# Why this triple integral is not null?

• Amaelle
In summary, the conversation discusses the concept of definite integration and the computation of volume using this technique. The disagreement arises when integrating sin(x) from 0 to pi, as one person argues that the integral should be 0 over a symmetric region while the other points out that the integration domain is not symmetric relative to zero. The difference between signed and unsigned areas is also mentioned. Ultimately, it is concluded that the area of a shape, such as a circle, is not always zero even if half of it is above the x-axis and half is below. f

#### Amaelle

Homework Statement
look at the image
Relevant Equations
integrating impair function over symmetric region
Greetings
here is my integral
Compute the volume of the solid

and here is the solution (that I don't agree with)

So as you can see they started integrating sinx from 0 to pi and then multiplied everything by two! for me sin(x) is an odd function and it's integral should be 0 over symmetric region!

I am confused. Definite integration is a technique to find the area under the curve. Sin(x) is completely above the x-axis between (0, Pi). So the value isn't 0.

Amaelle
By definition, volume is positive and all its pieces have positive volume. So the fact that sin() is odd forces you to consider the negative part as an additional positive volume.

Amaelle and Steve4Physics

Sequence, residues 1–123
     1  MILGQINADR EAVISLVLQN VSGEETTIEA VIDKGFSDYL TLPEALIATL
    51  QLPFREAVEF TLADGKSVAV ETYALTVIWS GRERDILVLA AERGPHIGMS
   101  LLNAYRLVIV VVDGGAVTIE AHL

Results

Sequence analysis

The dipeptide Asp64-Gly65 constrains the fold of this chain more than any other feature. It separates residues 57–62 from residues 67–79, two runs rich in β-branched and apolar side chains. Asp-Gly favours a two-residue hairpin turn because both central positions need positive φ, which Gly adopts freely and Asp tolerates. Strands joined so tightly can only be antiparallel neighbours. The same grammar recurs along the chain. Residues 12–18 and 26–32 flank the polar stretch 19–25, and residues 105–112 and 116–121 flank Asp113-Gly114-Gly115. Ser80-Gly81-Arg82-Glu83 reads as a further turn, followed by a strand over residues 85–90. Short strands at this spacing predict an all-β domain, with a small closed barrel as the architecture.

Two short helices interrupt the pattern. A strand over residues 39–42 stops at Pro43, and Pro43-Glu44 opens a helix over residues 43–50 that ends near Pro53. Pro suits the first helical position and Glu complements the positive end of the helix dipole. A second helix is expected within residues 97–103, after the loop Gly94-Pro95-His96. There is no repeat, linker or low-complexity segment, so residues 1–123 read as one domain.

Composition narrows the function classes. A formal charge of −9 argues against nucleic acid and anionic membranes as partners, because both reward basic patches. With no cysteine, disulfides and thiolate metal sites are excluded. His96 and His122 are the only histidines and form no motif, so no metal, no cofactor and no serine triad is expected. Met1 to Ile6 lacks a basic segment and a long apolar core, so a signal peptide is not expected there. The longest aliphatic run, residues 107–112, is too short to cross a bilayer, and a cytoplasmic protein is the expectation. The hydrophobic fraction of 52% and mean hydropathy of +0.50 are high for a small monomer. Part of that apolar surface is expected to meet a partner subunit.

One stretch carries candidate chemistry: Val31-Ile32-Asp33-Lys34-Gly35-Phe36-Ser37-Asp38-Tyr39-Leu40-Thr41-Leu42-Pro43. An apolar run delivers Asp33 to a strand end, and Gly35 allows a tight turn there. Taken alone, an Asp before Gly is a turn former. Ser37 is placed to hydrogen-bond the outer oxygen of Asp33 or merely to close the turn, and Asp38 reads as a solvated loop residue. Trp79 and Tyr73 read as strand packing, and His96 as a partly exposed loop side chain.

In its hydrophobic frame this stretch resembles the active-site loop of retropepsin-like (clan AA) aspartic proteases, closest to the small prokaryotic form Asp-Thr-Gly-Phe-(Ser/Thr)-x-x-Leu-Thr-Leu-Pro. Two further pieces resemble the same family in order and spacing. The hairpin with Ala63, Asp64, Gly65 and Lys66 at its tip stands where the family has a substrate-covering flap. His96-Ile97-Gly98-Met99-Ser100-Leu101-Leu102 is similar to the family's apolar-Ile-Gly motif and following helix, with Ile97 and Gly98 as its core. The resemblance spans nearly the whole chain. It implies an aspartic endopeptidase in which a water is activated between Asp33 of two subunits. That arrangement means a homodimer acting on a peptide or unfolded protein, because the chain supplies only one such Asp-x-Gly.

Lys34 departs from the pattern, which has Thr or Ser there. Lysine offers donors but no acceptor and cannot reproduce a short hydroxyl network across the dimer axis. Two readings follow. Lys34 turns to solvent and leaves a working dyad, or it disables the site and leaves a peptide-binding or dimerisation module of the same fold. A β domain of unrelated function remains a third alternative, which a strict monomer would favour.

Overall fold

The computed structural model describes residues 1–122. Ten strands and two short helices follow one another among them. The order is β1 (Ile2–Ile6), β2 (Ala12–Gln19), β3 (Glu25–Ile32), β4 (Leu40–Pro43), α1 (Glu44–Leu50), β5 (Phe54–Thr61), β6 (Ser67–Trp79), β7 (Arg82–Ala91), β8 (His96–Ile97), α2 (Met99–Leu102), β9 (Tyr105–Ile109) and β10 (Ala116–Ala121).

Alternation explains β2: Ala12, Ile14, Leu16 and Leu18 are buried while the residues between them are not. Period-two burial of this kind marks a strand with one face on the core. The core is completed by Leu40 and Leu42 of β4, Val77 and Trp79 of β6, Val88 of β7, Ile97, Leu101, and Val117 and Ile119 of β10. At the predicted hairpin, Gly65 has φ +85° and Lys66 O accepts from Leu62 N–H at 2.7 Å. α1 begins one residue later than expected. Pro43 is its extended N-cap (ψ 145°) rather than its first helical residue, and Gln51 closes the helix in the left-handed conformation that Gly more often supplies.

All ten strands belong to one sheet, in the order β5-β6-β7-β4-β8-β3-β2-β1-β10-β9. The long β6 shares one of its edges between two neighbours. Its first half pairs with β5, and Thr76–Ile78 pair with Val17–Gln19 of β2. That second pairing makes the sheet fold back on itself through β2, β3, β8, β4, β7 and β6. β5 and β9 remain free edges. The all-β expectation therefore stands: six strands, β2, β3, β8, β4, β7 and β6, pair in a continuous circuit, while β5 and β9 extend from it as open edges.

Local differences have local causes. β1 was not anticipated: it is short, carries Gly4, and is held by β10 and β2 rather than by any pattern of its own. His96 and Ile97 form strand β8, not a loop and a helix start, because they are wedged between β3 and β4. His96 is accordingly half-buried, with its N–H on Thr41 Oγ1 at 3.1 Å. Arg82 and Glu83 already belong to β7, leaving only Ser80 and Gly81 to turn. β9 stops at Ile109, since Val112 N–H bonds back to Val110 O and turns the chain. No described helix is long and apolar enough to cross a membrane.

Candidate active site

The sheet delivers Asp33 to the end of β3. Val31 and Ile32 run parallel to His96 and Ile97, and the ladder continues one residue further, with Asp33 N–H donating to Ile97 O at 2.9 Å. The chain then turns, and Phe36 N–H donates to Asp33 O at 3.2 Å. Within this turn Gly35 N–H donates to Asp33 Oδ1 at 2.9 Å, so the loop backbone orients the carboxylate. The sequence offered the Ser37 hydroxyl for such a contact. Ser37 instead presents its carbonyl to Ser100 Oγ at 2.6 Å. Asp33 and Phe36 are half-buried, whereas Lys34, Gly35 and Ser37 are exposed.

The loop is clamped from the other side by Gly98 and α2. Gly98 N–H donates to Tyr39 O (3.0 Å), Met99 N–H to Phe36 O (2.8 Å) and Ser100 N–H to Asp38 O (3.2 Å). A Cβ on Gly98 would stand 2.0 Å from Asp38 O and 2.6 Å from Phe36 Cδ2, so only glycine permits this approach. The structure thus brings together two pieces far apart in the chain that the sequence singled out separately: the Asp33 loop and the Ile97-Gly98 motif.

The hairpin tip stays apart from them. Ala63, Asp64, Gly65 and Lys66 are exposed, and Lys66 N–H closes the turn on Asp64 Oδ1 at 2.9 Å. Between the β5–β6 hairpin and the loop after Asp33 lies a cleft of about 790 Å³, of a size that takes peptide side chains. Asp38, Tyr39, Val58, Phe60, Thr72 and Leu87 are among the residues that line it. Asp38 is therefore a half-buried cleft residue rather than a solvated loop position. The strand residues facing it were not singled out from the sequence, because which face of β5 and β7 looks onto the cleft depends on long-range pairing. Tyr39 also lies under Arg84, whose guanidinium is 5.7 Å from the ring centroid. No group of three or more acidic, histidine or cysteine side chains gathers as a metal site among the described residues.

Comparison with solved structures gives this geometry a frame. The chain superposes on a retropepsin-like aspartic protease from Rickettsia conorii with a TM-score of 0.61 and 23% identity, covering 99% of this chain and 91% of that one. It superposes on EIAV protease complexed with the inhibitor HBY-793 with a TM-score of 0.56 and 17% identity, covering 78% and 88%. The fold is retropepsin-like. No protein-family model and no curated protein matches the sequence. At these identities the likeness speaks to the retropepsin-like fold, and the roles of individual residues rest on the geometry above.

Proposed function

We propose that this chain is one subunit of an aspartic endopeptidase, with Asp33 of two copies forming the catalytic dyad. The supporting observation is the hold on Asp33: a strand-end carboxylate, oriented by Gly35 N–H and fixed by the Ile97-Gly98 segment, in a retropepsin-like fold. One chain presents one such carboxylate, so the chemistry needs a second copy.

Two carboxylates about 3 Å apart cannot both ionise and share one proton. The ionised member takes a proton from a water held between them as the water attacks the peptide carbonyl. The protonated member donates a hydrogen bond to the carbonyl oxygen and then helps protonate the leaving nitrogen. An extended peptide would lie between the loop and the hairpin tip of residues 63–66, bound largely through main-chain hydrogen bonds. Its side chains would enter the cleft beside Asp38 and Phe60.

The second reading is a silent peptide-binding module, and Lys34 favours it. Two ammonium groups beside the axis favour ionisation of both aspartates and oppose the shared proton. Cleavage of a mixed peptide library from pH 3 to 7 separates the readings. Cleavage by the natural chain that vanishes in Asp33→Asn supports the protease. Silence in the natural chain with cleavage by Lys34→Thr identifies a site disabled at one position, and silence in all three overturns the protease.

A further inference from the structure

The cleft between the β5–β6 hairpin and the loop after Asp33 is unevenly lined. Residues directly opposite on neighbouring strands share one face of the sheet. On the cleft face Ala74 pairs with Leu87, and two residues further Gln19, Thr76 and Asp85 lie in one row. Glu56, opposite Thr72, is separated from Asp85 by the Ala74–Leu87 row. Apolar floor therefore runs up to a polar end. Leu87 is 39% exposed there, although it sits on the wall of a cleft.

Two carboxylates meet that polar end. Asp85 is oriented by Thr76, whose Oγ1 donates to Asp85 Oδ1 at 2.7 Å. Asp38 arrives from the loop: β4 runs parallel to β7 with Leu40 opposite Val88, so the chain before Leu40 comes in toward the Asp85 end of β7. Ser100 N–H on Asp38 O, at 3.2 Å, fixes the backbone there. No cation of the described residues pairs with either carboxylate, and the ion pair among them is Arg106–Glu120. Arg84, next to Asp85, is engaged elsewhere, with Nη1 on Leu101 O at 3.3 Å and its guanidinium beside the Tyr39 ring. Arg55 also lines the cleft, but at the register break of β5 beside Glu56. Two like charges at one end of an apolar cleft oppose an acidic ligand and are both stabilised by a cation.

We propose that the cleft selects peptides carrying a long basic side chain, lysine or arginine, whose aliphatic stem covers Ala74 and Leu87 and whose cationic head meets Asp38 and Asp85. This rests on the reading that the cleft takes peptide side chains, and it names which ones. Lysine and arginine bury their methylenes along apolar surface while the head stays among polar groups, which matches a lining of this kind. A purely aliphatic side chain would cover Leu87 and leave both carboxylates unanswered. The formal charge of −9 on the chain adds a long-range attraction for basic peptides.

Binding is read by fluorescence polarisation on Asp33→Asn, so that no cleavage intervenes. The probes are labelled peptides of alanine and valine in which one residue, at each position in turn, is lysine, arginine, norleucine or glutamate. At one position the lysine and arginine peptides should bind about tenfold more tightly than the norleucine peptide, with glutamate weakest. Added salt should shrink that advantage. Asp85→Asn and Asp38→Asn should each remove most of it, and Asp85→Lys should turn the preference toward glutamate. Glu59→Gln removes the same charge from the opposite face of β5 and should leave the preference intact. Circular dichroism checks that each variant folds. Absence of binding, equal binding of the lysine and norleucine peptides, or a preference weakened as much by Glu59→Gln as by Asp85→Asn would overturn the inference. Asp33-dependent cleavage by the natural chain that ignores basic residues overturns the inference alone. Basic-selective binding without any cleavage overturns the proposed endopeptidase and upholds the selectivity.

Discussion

Homework Statement:: look at the image
Relevant Equations:: integrating impair function over symmetric region

So as you can see they started integrating sinx from 0 to pi and then multiplied everything by two! for me sin(x) is an odd function and it's integral should be 0 over symmetric region!
sin(x) is odd relative to zero. Your integration domain is not symmetric relative to zero. Hence, your argument does not apply.

Amaelle
So as you can see they started integrating sinx from 0 to pi and then multiplied everything by two! for me sin(x) is an odd function and it's integral should be 0 over symmetric region!
The area of (say) a circle, centred somewhere on the x-axis, is not zero - even though half the area is above the x-axis and half is below.

Beware of the difference between signed and unsigned areas!

Amaelle and FactChecker
The area of (say) a circle, centred somewhere on the x-axis, is not zero - even though half the area is above the x-axis and half is below.

Beware of the difference between signed and unsigned areas!
thank you I got it!

The area of (say) a circle, centred somewhere on the x-axis, is not zero - even though half the area is above the x-axis and half is below.

Beware of the difference between signed and unsigned areas!
sin(x) is odd relative to zero. Your integration domain is not symmetric relative to zero. Hence, your argument does not apply.
thank you very much! I understood the difference now!

berkeman